ADRIFT: D'Melon's "Holy Illusion."

hit counter

Sunday, 29 April 2012

ON THE SCENE: Regina Beavers + Fahrenheit + Storm Saulter + Romain Virgo + Nile Saulter + Supa Hype + Michael Cuffe

O, BROTHER: April 25, Kingston. When the Cuffe boys (Brandan, left, and Michael) are in the house, be prepared for double trouble. The energetic duo had their game faces on last Wednesday night inside Fiction for Brand New Machine's Pre-Tend Killerz mini-bash.

LIFE OF THE PARTY: April 25, Kingston. Miss Jamaica World pageant director Regina Beavers was also in the mood for a fun night at Fiction last Wednesday, sharing a nice close-up with Guardsman Group's Byron Purkiss.

MAKING A SCENE: April 25, Kingston. Taking a break from their latest screen projects, filmmaking brothers Nile (left) and Storm Saulter brought their signature low-key vibe to last Wednesday's party inside the Fiction night-club.

RECORD HOLDERS: April 25, New York. With the arrival of his second album, The System, mere days away, reggae-soul crooner Romain Virgo is currently in the Big Apple for a series of promo events, including a recent drop-in on Sirius XM's Pat McKay. This Monday, Virgo will give a performance at the grand opening of the Tree of Life Reggae Series at S.O.B's in Manhattan.

IN THE MIX: April 25, Kingston. Ace selector Supa Hype (left), who kept the Fiction crowd on their feet with popular hits, shared the d-jay duties with Linda Blease (straight off the plane from Belize). Here, super-smooth singer-songwriter Fahrenheit joins them for a photo-op.

SHOT CALLERS: April 25, Kingston. Cheers! It wasn't the freakin' weekend, so Fiction habitués Brandan, Michael and Shelly-Ann Chung raised their glasses to the good life.

web site hit counter

TYRONE RECOMMENDS: A Bette Davis classic + Kate Winslet’s new book

The Golden Hat: Talking Back to Autism
Author: Kate Winslet (with Margret Ericsdottir)
Publisher: Simon & Schuster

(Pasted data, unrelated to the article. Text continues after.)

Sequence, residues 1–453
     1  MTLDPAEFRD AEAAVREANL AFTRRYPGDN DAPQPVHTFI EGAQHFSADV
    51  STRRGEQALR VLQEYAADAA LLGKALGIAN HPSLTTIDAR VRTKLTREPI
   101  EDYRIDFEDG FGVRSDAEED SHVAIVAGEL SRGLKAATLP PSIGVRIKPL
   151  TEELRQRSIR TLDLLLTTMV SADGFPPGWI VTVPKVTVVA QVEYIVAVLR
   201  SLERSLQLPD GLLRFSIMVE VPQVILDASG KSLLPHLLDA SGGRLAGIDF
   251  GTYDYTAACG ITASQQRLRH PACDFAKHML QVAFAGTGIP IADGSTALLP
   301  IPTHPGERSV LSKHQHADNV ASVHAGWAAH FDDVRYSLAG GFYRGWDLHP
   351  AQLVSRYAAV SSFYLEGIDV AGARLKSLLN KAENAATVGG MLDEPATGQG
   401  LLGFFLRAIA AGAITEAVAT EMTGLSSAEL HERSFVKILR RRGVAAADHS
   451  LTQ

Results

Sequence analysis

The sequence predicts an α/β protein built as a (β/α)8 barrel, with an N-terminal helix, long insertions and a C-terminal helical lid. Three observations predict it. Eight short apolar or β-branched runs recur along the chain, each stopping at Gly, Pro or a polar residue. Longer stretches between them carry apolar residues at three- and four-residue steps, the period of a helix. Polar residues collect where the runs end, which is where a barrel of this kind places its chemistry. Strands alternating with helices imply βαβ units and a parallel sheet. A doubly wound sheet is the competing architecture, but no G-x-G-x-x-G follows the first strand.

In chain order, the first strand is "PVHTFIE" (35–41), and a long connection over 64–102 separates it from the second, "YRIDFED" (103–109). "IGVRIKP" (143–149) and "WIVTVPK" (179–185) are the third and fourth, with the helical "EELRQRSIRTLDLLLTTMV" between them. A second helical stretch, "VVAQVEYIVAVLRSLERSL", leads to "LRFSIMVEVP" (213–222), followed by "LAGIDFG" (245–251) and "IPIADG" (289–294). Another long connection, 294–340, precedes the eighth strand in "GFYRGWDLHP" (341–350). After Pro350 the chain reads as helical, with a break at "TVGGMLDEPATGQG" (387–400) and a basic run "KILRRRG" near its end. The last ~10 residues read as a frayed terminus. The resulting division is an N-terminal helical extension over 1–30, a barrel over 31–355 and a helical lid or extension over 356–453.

Doing her part to raise public awareness about autism, Kate Winslet has published The Golden Hat, a collection of inspirational messages and photographs featuring celebrity friends and supporters of the Oscar-winning actress all snapped wearing the same fedora. From images of Meryl Streep and Anne Hathaway to Kobe Bryant and Michael Kors, the recently-arrived book (proceeds from which will benefit Winslet’s Golden Hat Foundation) is a wonderfully star-filled volume of self-portraits in support of a good cause. For more, go to

What Ever Happened to Baby Jane? (1962)
Director: Robert Aldrich

To quote a guest star on Queer As Folk, this excellent picture pits “two of the biggest bitch goddesses” in movie history – Bette Davis and Joan Crawford – against each other. And you really can’t disagree with him. The powerhouse screen legends are in extraordinary form playing sisters (aging former stars sharing an old mansion) who give devilish new meaning to sibling rivalry. Blending dark humour with moments of crackling intensity, it’s equal parts twisty psychological thriller and compelling drama. Highly recommended.

free hit counter

Friday, 27 April 2012

MAN OF THE MOMENT: Singer-songwriter Da’Ville is back in stride

SEEING DOUBLE: "I feel re-energized and refocused."

Da’Ville was gone for a minute, but now he’s back with the jumpoff. And as he gets reacquainted with his loyal following, the seasoned crooner is determined to reclaim his place in the pantheon of reggae-pop entertainers who matter – just as if he’d never left.